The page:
20.5. Running Editing Scripts Within vi
Because vi is built on top of the ex line editor, you get all the power of a line editor as well. Any experienced vi user issues ex commands all the time -- but usually one by one, at the colon (:) prompt.
The one exception is the .exrc file (Section 17.5), which is, at bottom, a list of commands for ex to run on startup -- in short, an editor script.
What many beginners don't know is that you can save a sequence of ex commands in any file and execute it with the :so command (Section 20.4). For example, Bruce Barnett uses this trick to set himself up specially for editing FORTRAN programs (Section 18.10).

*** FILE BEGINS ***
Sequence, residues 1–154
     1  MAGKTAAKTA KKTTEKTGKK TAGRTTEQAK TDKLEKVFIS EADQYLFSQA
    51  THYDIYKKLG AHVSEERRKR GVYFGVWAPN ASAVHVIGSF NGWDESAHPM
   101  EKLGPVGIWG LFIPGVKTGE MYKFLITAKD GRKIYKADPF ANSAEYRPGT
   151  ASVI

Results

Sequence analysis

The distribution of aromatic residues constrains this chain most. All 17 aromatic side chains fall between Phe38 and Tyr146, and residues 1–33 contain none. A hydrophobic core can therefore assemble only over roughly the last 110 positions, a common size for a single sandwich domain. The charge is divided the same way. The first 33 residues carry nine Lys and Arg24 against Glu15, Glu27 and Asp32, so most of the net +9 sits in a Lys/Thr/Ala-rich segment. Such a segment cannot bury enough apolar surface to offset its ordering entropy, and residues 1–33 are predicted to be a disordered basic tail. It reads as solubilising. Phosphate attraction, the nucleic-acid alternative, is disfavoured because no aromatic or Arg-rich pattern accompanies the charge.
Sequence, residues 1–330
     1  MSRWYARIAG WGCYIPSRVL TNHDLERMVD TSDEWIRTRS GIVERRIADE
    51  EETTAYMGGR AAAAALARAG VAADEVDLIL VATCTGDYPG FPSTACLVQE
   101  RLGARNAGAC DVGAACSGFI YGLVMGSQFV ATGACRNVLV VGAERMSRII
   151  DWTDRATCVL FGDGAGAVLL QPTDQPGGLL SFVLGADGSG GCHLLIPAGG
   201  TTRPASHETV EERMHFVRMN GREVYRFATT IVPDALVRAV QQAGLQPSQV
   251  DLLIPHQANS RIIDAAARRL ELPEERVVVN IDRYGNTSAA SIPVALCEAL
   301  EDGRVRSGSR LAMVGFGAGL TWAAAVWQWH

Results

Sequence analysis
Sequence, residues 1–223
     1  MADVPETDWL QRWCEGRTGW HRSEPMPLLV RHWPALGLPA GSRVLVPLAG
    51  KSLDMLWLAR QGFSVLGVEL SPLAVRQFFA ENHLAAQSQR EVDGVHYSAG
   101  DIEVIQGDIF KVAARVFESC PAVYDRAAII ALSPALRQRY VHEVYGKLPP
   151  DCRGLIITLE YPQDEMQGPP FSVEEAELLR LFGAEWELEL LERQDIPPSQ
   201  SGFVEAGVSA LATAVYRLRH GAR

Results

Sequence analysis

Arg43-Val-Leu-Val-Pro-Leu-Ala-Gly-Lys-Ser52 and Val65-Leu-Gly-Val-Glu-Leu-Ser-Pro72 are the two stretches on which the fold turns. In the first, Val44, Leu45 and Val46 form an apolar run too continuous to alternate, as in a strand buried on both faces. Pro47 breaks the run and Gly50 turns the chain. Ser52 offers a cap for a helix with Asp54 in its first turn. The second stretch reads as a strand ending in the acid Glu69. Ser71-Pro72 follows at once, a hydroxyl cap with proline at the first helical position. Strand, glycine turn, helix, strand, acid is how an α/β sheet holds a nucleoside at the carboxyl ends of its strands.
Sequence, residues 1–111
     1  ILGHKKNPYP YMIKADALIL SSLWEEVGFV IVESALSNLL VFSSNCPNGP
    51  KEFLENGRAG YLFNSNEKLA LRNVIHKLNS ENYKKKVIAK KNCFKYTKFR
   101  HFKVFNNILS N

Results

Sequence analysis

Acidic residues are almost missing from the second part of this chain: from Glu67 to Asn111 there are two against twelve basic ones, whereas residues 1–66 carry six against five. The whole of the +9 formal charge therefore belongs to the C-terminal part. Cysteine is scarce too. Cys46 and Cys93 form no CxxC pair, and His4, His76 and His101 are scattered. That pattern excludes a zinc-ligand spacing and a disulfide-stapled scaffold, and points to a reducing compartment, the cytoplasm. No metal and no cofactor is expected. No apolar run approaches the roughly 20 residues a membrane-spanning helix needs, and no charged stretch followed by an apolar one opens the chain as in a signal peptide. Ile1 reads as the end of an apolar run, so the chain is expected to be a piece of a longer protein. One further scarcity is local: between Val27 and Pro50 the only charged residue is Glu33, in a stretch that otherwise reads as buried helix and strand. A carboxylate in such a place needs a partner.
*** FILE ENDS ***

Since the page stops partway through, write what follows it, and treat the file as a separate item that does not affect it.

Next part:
In general, sed (Section 34.1) is better for general-purpose batch editing -- such as making a set of global substitutions over and over again on multiple files -- therefore, :so is most often used for reading in setup commands. Keep in mind, though, any time you find yourself issuing the same commands over and over again, think script!
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